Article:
Researchers have found that diets associated with DCM have lower levels of B vitamins related to cardiac metabolism and synthesis of carnitine and taurine. Additionally, diets associated with DCM also have higher concentrations of amino acids, amino acid derivatives, and plant-derived compounds; suggested that some of these may contribute to deficiencies in molecules essential for cardiac function by affecting carnitine metabolism. On the other hand, given that dietary taurine deficiency in cats is a cause of DCM, when researchers examined its concentration in different feeds, they found no significant taurine-related differences for dogs.

In conclusion, some components were identified that contributed to the biochemical differences between diets. Peas and, to a lesser extent, lentils appear to be major sources of high concentrations of certain biochemical compounds in diets associated with DCM. Although researchers cannot definitively determine whether any of these compounds and components are the cause of the disease, their findings indicate that peas may be the main component associated with dietary DCM in dogs.

Further reading: Smith, C.E., Parnell, L.D., Lai, CQ. et al. Investigation of diets associated with dilated cardiomyopathy in dogs using foodomics analysis. Sci Rep 11, 15881 (2021).

Determining Organic Structures: Nuclear Magnetic Resonance Spectroscopy

Nuclear Magnetic Resonance spectroscopy (NMR) is used to define organic compounds. Carbon (H) and Hydrogen (H) are high in organic molecules. NMR is used for structural analysis because it provides convenience in understanding the molecular structure; this knowledge contributes to science development.

NMR spectrum interpretation is at the forefront, and it is essential to understand the logic of spectrum measurements and act according to this logic while interpreting. In atom and its properties, the electrons around the nucleus rotate both around the nucleus and around itself. Still, the movements of protons and neutrons in the nucleus are not noted. That’s why we do not know much about the movement of the nucleus. The nucleus’ protons rotate around their own axis, just as electrons around their axis. As a result of this movement, the concepts of +1/2 and -1/2 are mentioned. Electromagnetic behaviour due to the spins of protons in the nucleus connects the proton, neutron and their electromagnetic interactions with each other with the logic of being destroyed or not. Like two electrons in an orbital, protons spinning in the opposite direction cancel each other’s electromagnetic effect. So the nucleus does not have a specific magnetic field.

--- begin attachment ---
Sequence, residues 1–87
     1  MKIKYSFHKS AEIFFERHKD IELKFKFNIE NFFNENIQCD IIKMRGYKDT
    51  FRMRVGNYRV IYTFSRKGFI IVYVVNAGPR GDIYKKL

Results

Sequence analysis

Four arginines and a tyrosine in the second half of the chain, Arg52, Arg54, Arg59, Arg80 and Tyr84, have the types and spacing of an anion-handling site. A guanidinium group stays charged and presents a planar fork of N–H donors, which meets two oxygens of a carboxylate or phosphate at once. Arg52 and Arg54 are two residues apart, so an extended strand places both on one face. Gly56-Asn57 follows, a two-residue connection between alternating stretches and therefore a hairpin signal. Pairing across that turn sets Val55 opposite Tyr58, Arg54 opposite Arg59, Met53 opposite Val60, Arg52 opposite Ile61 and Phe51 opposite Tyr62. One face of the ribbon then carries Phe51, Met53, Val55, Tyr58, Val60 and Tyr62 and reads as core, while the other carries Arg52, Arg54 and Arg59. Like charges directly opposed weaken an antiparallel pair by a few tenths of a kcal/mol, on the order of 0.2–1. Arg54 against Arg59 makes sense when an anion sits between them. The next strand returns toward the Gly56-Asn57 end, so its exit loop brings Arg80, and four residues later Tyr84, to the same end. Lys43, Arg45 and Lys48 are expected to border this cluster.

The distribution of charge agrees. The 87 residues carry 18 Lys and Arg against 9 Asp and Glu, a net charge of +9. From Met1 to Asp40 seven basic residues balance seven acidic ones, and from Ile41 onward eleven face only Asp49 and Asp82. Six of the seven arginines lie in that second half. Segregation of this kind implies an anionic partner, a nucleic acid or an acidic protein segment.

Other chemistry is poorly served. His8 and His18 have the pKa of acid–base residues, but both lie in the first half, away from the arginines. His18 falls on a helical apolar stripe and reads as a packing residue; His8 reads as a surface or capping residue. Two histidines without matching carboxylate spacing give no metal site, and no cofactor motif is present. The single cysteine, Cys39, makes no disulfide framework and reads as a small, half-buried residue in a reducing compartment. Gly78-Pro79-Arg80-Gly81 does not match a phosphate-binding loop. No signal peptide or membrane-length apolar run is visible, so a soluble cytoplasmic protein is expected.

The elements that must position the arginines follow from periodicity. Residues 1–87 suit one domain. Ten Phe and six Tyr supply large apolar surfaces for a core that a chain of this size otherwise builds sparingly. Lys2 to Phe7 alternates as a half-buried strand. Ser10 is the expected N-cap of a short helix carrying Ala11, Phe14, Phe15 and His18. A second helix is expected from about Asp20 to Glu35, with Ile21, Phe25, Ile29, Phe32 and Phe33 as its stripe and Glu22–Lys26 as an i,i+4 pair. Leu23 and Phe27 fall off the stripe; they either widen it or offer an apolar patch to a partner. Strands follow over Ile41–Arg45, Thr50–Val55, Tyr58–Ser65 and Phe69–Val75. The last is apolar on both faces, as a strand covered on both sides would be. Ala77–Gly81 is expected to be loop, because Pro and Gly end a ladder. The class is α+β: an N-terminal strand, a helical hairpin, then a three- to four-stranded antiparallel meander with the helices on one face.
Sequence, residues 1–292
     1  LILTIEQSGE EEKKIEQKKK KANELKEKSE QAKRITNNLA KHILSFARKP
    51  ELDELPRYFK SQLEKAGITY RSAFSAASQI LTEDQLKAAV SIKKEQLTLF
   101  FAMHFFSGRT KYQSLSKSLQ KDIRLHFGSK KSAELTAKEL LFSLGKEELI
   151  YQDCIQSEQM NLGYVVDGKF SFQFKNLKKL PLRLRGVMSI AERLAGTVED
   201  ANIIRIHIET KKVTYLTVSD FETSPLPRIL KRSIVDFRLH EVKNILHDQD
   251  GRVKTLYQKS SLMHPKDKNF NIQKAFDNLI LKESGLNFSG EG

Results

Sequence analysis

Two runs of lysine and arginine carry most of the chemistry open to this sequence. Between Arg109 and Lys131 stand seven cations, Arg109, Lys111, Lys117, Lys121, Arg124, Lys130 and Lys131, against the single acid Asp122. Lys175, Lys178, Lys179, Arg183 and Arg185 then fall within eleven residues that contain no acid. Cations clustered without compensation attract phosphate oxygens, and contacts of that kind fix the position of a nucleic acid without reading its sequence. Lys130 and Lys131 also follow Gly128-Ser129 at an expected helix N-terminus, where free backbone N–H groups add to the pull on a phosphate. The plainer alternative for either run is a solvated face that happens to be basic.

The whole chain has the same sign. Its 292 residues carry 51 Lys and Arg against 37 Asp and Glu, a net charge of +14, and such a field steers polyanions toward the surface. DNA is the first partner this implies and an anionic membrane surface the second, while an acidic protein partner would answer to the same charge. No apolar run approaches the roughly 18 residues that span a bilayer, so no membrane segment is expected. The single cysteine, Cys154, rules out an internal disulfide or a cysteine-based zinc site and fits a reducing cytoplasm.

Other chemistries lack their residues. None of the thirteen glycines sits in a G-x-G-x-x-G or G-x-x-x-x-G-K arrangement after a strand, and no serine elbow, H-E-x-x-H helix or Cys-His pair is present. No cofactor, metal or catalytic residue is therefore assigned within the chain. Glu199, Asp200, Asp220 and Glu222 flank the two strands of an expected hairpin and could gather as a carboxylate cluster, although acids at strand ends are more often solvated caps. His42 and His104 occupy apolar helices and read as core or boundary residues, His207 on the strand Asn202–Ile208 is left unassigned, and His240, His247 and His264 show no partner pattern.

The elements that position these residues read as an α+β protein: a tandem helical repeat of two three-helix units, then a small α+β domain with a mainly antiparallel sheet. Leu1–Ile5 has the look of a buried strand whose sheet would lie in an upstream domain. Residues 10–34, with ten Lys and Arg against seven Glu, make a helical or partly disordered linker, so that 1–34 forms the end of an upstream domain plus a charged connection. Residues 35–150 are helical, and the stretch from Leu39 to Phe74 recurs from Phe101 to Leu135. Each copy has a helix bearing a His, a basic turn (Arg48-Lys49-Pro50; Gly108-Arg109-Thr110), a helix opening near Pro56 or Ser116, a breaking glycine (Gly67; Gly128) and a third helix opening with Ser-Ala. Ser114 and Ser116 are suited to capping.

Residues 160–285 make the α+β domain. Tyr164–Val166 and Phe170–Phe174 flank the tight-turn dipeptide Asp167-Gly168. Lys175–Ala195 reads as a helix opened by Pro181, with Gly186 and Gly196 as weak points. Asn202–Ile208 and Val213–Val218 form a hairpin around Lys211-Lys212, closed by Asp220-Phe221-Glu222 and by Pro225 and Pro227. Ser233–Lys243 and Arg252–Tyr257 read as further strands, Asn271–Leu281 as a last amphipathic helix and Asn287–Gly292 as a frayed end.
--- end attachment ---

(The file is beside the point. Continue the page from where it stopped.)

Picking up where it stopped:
NMR spectroscopy is primarily used by chemists, biochemists and physicists who are working with the complex nanoparticles. Biochemists use it for identifying complex molecules like proteins or intracellular metabolites. It has a significant contribution to the medical area. Explorer and diagnostic area of medicine can exploit the NMR. The medical area is also used as magnetic resonance imaging (MRI).

History of NMR Spectroscopy
The first NMR signal was observed by two separate groups of physicists in 1945. Felix Bloch and Edward Mills Purcell were awarded the Nobel Prize in Physics in 1952 for their discovery. In the same year, NMR spectroscopy was used in molecular structure determination in chemistry. In 1953 the first NMR devices were produced. After 1970, devices with high discrimination power and sensitivity started to be made. Thanks to his work on developing high-resolution NMR spectroscopy, the scientist named Richard Robert Ernst won the Nobel Prize in Chemistry in 1991.

Felix Bloch
Edward Mills Purcell
Richard Robert Ernst

Chemist/biophysicist named Kurt Wüthrich won the Nobel Prize in Chemistry in 2002, thanks to his method for the investigation of biological macromolecules by NMR spectroscopy. Paul Christian Lauterbur and Sir Peter Mansfield were awarded the Nobel Prize in Physiology or Medicine in 2003 for their work on the NMR imaging field. 

NMR spectroscopy has been used in chemistry, physics, biochemistry, pharmacy and medicine to examine the structure of molecules. 

© The Nobel Foundation
Paul Christian Lauterbur
Sir Peter Mansfield
Kurt Wüthrich

NMR Spectroscopy
NMR spectroscopy is an illumination method based on the absorption of electromagnetic rays in the radiofrequency field by atomic nuclei in a molecule placed in a strong magnetic field. NMR spectroscopy is a technique used in understanding the structure of molecules in the field of chemistry. Hydrogen-containing groups in the molecule and neighbouring groups can also be detected using this method. If evaluated together with the results obtained by other spectroscopic techniques, the structure to be illuminated can be easily reached. In UV and IR spectroscopy, the molecule’s functional groups and the percentages of C, H, O, N, and S atoms in the elemental analysis are determined. NMR spectroscopy gives information about the skeleton of the molecule. Other spectroscopic methods deal with electrons, but NMR spectroscopy deals with the nucleus. NMR requires strong magnetic field and radio waves, long-wavelength rays of the electromagnetic spectrum. NMR spectroscopy does not disrupt the molecule, and analysis samples can be used repeatedly as in UV and IR spectroscopy.